But, that’s not the whole story. In the third chapter of Romans Paul quotes from Psalm 14 [2] in proclaiming: “There is no one who is righteous, not even one; there is no one who has understanding, there is no one who seeks God.(Romans 3:10b-11)

When it comes down to it, there is only one human being who can claim the title of righteous person: Jesus… and he gets betrayed, abandoned, and crucified. Of course, he also rises from the dead, but that doesn’t erase everything that happened before.

The truth is, the reward that society gave him for living the life of a righteous person – a life that actually fulfilled the law of righteousness: loving God with all his heart, soul, mind, and strength and truly living out his love for his neighbor – the earthly reward for living that kind of life was death by execution.

So, what about the third promise of reward in this passage: “whoever gives even a cup of cold water to one of these little ones in the name of a disciple – truly I tell you, none of these will lose their reward.”

The kind of reward in this promise is not specified. Rather, it is the action for which reward is promised that gets the elaboration: giving a cup of cold water to one of these little ones.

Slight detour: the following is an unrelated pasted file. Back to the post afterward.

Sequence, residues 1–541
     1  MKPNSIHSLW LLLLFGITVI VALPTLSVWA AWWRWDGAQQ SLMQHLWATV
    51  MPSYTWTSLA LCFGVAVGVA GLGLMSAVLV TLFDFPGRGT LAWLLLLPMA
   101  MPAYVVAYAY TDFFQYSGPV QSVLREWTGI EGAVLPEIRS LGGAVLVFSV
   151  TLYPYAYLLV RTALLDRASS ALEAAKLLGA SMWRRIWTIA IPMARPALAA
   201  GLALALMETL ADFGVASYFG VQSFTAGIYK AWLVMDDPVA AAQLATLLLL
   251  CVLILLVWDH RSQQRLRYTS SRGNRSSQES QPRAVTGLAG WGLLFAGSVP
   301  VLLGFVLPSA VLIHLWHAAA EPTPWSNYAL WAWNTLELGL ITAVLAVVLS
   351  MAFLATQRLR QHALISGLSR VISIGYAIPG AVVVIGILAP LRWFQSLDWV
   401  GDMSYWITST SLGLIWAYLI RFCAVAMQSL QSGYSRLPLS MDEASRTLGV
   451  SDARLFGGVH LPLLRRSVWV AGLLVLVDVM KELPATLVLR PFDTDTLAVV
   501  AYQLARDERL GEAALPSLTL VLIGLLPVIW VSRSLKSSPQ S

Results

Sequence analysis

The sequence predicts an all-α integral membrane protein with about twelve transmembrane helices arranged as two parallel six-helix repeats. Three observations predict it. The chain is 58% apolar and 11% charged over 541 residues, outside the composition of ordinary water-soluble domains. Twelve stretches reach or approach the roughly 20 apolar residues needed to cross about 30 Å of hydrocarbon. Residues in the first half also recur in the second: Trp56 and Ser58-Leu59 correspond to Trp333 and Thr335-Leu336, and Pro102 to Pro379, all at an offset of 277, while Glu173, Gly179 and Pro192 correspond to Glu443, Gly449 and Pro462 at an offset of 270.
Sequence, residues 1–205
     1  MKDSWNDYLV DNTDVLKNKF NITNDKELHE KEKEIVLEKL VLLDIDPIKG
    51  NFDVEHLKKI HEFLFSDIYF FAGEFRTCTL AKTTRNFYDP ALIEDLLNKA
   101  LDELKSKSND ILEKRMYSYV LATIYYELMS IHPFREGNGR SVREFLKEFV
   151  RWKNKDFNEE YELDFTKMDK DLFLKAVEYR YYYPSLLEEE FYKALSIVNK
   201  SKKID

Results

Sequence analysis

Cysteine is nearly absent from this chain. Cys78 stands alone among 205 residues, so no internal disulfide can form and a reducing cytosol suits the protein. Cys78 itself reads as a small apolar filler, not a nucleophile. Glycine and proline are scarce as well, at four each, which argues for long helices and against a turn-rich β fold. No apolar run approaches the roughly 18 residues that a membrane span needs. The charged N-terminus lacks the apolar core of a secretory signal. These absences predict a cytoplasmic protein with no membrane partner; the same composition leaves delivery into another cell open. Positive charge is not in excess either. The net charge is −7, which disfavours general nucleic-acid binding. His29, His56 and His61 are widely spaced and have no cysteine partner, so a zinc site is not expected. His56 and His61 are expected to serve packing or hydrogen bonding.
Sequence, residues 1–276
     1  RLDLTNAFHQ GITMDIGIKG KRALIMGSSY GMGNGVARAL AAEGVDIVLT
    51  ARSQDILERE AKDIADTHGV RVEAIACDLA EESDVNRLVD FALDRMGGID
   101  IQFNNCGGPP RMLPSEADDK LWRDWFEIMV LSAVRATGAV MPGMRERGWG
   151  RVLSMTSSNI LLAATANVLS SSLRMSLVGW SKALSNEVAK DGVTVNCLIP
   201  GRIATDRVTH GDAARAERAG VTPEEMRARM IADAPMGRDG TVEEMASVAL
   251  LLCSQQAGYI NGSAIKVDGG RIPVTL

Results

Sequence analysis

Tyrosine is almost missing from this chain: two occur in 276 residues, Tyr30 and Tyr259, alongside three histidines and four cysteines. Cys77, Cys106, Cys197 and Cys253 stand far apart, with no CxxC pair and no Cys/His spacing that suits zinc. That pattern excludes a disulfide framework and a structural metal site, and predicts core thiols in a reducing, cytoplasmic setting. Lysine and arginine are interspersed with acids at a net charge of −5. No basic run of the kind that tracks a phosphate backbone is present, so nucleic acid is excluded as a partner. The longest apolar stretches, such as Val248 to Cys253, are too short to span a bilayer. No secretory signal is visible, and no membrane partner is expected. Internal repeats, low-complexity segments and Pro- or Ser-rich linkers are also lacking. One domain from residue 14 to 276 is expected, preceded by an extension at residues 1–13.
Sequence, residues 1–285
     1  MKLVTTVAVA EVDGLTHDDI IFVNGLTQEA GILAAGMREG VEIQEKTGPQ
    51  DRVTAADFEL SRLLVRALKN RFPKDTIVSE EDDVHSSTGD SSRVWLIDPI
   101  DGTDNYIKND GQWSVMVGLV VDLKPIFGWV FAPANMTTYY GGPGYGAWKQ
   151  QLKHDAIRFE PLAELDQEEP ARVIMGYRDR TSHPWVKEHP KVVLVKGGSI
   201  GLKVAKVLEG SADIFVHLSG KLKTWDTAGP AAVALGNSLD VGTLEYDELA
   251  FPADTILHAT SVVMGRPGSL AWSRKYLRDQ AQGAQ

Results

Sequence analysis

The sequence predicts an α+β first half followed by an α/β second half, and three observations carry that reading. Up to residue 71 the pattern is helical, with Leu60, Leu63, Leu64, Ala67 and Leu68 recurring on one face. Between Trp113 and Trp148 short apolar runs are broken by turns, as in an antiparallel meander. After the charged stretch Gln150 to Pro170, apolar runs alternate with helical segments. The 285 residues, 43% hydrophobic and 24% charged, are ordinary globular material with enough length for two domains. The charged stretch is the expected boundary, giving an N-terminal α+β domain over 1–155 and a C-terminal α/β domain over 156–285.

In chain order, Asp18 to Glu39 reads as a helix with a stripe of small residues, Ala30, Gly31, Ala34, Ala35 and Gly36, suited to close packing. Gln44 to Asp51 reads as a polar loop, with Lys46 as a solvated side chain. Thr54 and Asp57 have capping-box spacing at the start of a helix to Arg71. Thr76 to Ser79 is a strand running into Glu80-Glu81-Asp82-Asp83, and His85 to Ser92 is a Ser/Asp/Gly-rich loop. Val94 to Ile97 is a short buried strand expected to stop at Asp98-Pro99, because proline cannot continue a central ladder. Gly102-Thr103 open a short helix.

It is a simple thing to do. Water is a fairly plentiful resource, and the amount being offered is not significant. Just a cup. Done in a moment with almost no cost to the giver.

What seems more significant is the receiver of this kindness, “one of these little ones.” We do not know for sure to whom Jesus was referring.

Perhaps children (who are referenced this way elsewhere in the gospel, and who were on the bottom rungs of first century society).

Perhaps disciples, but ones who were apparently without social status or power.

The key characteristic is that they are “little”… unimportant, unable to return the favor.

Which brings me back to Wonder Woman, and the question of deserving help.

Within a merit-based system, you have to earn everything you get… whether that thing is a cup of cold water, or a reward, or the intervention of a super hero to end an evil war. A merit-based system is the foundation of the moral challenge facing Wonder Woman. Do humans deserve her help?

But, in the end, she rejects this merit-based system. When the moment comes for her to decide, she makes this profound gospel proclamation:

“It’s not about what you deserve; it’s about what you believe. And I believe in love.”